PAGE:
What are the signs and problems associated with cat dental malocclusion? Everything you need to know from the causes to the possible treatments.
If the mouth does not close properly it is not just an aesthetic question, on the contrary: the cat’s dental malocclusion can create a series of problems and discomforts that negatively affect the style and well-being of the animal. that’s why it’s important to pick up on the signs early on, so that you can address the problem before it gets too serious. Everything you need to know about this dental anomaly in felines.
The cat’s teeth: some curiosities to begin with
He uses them to bite, grab and eat, but what do we know more about our pet feline’s teeth? In all there are 30, at least in adult specimens, while in puppies the milk teeth (or deciduous teeth) are 26.
In the lower arch, or mandible, there are 14:
- 6 incisors,
- 2 canini,
- 4 premolari,
- 2 molars.
In the upper arch, on the other hand, or jaw, the number of teeth is the same except that of the premolars which is equal to 6. In a kitten the first milk teeth begin to appear after about the 16th day.
Already around 3-4 months, the milk teeth will begin to fall out to give way to the definitive ones, whose growth will take place completely around 6-7 months of life. In this period the cat may feel discomfort and pain that will prevent it from eating regularly, but this is normal: it will pass!
Dental malocclusion in cats: possible causes
Among the various problems to the teeth of the cat, in addition to gingivitis in the cat and problems with plaque and tartar, there is also that of malocclusion, an anomaly in the position of the teeth, which involves a bad closure of the two dental arches.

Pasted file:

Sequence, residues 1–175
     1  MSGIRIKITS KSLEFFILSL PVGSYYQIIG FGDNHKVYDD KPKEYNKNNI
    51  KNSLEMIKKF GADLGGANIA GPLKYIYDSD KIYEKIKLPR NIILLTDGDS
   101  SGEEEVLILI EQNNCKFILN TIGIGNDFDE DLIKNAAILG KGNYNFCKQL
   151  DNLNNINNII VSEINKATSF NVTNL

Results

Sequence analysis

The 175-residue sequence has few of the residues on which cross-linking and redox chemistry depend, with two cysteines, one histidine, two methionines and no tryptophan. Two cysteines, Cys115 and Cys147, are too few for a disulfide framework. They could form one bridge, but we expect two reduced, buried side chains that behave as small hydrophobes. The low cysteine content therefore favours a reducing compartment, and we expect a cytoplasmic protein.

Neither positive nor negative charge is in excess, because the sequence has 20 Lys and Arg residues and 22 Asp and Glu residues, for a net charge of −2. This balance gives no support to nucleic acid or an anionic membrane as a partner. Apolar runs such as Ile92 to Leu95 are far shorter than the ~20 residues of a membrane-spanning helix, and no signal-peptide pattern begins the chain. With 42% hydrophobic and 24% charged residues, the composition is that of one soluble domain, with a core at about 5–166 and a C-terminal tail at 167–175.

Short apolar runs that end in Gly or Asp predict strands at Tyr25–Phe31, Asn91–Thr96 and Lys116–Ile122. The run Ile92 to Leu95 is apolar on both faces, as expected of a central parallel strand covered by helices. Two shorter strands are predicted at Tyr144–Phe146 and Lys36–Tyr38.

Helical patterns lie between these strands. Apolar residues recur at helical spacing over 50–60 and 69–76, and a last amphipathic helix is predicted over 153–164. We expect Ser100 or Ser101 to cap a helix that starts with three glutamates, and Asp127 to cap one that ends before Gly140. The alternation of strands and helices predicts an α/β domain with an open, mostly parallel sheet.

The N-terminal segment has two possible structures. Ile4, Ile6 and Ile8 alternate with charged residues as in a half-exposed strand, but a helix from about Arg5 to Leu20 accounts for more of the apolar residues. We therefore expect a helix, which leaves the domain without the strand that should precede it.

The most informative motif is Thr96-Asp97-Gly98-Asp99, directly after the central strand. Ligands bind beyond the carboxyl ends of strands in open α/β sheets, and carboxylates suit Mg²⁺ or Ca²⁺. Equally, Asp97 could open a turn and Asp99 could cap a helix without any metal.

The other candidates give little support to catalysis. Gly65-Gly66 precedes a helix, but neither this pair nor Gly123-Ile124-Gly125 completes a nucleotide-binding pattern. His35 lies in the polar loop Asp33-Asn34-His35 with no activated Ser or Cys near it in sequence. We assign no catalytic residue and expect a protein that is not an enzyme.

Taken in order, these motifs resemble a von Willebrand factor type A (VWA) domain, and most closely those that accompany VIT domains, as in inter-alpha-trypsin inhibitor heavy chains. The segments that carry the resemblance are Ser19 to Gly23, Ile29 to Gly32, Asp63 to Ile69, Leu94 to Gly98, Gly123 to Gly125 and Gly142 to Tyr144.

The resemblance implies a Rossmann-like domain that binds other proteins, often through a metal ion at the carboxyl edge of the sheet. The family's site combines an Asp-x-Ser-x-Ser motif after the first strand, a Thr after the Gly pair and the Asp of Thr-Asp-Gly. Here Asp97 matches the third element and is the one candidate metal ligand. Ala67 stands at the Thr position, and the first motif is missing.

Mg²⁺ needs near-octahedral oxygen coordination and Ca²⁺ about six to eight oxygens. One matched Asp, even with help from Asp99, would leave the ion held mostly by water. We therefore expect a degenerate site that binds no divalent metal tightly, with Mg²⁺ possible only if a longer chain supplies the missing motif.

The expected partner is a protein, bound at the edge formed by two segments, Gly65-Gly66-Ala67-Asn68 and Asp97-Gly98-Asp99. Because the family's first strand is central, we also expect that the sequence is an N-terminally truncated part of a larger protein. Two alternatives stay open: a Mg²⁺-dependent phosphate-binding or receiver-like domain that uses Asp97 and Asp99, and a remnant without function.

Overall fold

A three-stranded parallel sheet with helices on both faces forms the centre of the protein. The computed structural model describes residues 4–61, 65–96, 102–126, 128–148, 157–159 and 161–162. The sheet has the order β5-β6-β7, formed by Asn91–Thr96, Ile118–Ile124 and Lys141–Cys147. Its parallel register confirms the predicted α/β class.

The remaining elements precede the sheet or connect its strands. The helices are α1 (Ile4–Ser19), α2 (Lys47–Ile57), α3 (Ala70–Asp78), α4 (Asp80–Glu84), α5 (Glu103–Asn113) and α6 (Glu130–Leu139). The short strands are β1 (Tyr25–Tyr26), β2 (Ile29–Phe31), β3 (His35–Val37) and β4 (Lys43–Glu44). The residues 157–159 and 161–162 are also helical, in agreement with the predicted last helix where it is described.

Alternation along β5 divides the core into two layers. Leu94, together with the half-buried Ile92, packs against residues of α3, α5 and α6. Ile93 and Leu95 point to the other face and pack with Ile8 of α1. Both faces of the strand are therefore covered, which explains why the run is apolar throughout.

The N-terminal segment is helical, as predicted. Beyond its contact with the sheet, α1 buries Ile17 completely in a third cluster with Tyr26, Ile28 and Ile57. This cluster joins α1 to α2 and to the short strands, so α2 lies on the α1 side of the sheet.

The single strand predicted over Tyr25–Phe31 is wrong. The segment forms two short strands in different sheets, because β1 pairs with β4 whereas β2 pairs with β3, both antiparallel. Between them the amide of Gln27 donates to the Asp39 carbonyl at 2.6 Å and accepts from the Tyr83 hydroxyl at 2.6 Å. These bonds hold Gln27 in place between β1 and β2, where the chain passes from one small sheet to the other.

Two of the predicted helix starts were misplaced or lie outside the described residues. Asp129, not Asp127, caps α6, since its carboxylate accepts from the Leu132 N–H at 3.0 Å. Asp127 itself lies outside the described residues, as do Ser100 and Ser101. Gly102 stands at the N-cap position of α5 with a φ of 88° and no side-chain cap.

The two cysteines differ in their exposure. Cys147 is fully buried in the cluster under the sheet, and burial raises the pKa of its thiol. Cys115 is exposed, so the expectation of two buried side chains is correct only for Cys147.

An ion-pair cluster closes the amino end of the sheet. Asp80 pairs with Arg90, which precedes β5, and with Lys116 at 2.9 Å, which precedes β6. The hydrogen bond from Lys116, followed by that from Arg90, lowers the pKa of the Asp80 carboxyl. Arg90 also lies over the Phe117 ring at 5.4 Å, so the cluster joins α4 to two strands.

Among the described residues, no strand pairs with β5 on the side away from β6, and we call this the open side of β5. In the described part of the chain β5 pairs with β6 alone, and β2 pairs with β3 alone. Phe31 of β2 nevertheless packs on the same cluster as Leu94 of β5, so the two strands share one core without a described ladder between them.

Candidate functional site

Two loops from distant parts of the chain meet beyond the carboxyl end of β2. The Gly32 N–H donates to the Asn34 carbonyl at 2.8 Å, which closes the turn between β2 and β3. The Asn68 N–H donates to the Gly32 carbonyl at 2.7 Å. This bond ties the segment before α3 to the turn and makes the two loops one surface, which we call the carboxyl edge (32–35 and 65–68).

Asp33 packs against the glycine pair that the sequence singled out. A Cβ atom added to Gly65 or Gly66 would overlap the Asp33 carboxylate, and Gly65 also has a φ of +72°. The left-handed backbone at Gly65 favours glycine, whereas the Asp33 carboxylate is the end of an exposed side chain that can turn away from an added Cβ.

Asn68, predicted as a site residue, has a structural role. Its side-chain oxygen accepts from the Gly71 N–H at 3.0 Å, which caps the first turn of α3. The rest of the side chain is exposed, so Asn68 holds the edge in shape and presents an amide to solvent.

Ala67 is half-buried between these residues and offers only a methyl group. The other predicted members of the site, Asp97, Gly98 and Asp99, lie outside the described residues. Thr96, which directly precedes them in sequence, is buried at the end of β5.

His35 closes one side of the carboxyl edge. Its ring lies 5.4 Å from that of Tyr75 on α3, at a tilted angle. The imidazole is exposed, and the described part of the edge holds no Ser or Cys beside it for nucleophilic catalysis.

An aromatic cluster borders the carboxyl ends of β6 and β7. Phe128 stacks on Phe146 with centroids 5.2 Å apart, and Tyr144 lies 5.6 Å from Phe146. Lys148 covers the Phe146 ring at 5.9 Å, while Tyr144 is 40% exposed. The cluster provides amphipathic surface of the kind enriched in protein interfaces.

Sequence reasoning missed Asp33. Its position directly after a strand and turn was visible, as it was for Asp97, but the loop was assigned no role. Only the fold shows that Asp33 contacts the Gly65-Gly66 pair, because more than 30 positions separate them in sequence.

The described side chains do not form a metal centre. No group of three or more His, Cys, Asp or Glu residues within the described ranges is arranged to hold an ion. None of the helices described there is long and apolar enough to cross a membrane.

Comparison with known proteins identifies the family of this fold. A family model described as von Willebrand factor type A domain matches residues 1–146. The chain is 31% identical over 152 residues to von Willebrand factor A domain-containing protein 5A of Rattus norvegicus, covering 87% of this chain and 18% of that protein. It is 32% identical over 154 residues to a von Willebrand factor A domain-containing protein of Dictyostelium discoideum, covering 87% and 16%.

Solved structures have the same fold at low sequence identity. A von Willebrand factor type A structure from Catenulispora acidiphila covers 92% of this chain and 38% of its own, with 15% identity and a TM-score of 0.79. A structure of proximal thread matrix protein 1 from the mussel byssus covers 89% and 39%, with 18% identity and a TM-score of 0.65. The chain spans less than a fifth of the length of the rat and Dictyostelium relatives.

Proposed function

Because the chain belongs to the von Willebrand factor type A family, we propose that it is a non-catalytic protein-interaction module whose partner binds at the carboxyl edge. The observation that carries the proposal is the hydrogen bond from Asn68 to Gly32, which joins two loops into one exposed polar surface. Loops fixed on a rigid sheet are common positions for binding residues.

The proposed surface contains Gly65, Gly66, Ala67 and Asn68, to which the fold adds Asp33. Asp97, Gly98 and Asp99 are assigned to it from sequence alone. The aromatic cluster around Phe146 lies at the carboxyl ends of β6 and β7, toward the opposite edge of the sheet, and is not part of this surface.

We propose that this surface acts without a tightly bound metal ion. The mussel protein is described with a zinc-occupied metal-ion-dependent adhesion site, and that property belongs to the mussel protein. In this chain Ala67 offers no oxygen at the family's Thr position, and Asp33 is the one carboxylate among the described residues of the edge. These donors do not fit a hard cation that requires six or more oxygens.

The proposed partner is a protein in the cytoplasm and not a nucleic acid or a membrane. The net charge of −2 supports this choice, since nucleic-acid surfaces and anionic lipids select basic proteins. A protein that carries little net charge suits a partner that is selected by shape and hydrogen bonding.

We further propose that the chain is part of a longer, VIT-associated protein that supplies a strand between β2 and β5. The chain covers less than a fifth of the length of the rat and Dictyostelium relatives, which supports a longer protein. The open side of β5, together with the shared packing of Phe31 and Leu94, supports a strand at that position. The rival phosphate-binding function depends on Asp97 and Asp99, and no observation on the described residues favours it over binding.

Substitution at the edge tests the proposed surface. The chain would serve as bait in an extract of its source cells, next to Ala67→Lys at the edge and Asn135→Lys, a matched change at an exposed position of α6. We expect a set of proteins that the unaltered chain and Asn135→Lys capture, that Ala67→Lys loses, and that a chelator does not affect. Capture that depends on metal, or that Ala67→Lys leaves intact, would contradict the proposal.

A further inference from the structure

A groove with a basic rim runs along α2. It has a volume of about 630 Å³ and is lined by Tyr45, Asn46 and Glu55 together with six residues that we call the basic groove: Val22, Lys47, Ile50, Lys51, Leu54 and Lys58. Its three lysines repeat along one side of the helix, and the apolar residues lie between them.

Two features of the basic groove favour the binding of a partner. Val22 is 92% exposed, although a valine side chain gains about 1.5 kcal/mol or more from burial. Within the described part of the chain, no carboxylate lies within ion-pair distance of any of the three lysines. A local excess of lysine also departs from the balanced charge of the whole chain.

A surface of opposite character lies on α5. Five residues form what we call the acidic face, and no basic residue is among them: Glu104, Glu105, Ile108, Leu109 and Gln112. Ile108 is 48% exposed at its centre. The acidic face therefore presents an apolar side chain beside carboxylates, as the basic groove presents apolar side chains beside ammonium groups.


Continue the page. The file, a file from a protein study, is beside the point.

The problem therefore could be a different length between jaw and jaw, due to hereditary problems. Another cause could be that the milk teeth have not completely ‘retreated’ (at least their roots).
When the deciduous teeth do not fall out, it is possible to see a double row of teeth (milk and permanent): the first signs of this problem can be visible from a young age (in the period in which they usually change them).
Finally, but especially in elderly specimens, malocclusion can also be the result of a trauma or infection and, in the worst cases, a tumor in the cat’s mouth.
Dental malocclusion in cats: risks and treatments
Certainly if a cat does not close its mouth well and the two arches do not coincide perfectly, it is not just a matter of aesthetics, on the contrary. The cat may:
- have difficulty chewing,
- suffer from loss of appetite (because he cannot chew),
- causing wounds on the soft parts of the mouth,
- cause infections and inflammation.
But can this problem be cured? In reality, when it comes to a particularly serious and disabling anomaly for the feline’s health, it must be corrected as a puppy, around 4 or 5 months with a surgical operation.
Our task will be to check on our own the state of growth of the kitten’s teeth and to immediately take him to the vet, if we notice any strange signs of dental malocclusion.